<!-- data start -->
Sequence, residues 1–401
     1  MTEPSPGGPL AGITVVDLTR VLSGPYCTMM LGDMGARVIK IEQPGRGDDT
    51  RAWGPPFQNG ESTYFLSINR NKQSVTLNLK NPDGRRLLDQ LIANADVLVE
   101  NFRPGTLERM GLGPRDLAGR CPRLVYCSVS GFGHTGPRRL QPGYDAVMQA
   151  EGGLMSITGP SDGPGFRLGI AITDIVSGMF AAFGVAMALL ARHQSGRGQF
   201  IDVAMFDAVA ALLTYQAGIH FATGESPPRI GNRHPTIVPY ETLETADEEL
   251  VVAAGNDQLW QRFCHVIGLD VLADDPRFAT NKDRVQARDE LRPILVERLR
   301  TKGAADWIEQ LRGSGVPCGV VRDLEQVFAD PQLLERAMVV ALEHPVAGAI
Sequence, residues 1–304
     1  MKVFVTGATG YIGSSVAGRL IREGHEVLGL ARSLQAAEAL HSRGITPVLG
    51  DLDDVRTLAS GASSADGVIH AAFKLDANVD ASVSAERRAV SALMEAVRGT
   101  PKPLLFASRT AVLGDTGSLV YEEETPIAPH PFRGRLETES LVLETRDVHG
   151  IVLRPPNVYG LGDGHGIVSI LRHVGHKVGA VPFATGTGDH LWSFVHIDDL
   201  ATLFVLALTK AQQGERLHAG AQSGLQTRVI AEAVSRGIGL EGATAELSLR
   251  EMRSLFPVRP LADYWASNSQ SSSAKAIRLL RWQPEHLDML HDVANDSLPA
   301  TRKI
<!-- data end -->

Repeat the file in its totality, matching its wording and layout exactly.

Sequence, residues 1–401
     1  MTEPSPGGPL AGITVVDLTR VLSGPYCTMM LGDMGARVIK IEQPGRGDDT
    51  RAWGPPFQNG ESTYFLSINR NKQSVTLNLK NPDGRRLLDQ LIANADVLVE
   101  NFRPGTLERM GLGPRDLAGR CPRLVYCSVS GFGHTGPRRL QPGYDAVMQA
   151  EGGLMSITGP SDGPGFRLGI AITDIVSGMF AAFGVAMALL ARHQSGRGQF
   201  IDVAMFDAVA ALLTYQAGIH FATGESPPRI GNRHPTIVPY ETLETADEEL
   251  VVAAGNDQLW QRFCHVIGLD VLADDPRFAT NKDRVQARDE LRPILVERLR
   301  TKGAADWIEQ LRGSGVPCGV VRDLEQVFAD PQLLERAMVV ALEHPVAGAI
Sequence, residues 1–304
     1  MKVFVTGATG YIGSSVAGRL IREGHEVLGL ARSLQAAEAL HSRGITPVLG
    51  DLDDVRTLAS GASSADGVIH AAFKLDANVD ASVSAERRAV SALMEAVRGT
   101  PKPLLFASRT AVLGDTGSLV YEEETPIAPH PFRGRLETES LVLETRDVHG
   151  IVLRPPNVYG LGDGHGIVSI LRHVGHKVGA VPFATGTGDH LWSFVHIDDL
   201  ATLFVLALTK AQQGERLHAG AQSGLQTRVI AEAVSRGIGL EGATAELSLR
   251  EMRSLFPVRP LADYWASNSQ SSSAKAIRLL RWQPEHLDML HDVANDSLPA
   301  TRKI